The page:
The evidence for utilisation of these agents for stroke prevention for atrial fibrillation is based on large randomised trials.  

There are currently NICE technology appraisals available for dabigatran,6 and rivaroxaban7 which provide further details. The technology appraisal for apixaban is due to be published in 2013. It is clear however from the technology appraisals that these new agents should be made available for patients who require them, but that the decision on choice of agent should be undertaken only following an informed discussion with the individual patient.

In addition, rivaroxaban is licensed for the treatment and secondary prevention of venous thromboembolism.

Dabigatran is an oral agent with fixed dosing which requires no anticoagulation monitoring. Its efficacy and safety were demonstrated in the RE-LY trial,8 a multi centre study which compared two doses of dabigatran with adjusted dose warfarin, aiming for an INR of between two and three. The results demonstrated superiority of higher dose dabigatran (150 mg bd) in terms of the primary end-point, with similar safety data in terms of bleeding, while the lower dose of dabigatran (110 mg bd) demonstrated similar efficacy in terms of the primary outcome with a superior safety profile in terms of bleeding data. Interestingly both doses of dabigatran resulted in lower rates of intra-cranial haemorrhage.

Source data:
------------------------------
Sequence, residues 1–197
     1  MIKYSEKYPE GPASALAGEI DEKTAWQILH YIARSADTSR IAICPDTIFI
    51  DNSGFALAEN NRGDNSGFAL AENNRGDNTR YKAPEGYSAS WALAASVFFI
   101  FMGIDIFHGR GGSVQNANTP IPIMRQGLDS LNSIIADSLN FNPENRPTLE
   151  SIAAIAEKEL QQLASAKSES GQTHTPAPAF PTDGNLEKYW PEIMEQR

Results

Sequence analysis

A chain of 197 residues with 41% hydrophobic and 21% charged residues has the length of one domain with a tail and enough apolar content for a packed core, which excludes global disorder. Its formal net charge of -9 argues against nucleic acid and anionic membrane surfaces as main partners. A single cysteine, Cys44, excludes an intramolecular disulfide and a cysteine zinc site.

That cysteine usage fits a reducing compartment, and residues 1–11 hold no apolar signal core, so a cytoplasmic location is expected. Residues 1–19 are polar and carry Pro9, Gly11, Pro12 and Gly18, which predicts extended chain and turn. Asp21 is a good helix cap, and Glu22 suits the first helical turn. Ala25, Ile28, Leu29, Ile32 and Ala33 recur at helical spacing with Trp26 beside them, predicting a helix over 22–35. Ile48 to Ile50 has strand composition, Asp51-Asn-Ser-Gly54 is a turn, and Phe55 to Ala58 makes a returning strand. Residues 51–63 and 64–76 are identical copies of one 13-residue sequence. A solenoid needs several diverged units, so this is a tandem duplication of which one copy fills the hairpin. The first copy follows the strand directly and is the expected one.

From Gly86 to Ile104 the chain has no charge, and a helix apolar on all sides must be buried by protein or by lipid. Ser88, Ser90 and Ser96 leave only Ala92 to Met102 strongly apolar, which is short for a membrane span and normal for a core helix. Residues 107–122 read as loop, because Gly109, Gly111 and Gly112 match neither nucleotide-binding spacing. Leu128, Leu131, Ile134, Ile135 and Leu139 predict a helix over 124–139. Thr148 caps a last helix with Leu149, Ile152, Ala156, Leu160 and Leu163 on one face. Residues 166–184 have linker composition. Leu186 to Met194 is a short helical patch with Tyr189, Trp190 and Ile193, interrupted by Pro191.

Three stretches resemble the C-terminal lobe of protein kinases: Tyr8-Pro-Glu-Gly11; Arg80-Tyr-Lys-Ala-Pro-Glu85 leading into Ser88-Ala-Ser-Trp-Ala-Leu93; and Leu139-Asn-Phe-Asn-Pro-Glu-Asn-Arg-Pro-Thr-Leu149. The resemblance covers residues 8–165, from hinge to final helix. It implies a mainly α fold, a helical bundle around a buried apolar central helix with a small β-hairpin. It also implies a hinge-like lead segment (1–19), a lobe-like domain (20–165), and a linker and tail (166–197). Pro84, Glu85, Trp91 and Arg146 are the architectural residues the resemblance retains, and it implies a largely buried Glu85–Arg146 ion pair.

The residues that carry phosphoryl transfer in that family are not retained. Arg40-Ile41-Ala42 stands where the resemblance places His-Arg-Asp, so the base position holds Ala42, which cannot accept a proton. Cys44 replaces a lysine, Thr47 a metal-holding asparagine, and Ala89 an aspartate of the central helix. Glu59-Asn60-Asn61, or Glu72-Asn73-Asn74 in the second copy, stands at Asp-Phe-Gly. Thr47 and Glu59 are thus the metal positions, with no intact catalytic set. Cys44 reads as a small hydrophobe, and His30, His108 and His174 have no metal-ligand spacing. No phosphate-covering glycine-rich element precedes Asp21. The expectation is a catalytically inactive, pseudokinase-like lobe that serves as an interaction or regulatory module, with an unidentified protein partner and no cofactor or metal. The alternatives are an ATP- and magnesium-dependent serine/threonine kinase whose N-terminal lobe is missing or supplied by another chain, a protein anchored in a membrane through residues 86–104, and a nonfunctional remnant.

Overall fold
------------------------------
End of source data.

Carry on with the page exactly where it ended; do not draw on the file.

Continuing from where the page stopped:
Rivoaroxaban is an oral agent with fixed dosing that requires no anticoagulation monitoring. Its safety and efficacy were demonstrated in the ROCKET-AF trial,8 a double blind study which compared fixed dose rivaroxaban (20 mg once daily) to adjusted dose warfarin (INR two to three). There was no statistical difference in stroke, major bleeding or mortality between the two arms, although there was a lower rate of intra-cranial bleeding in the rivaroxaban group.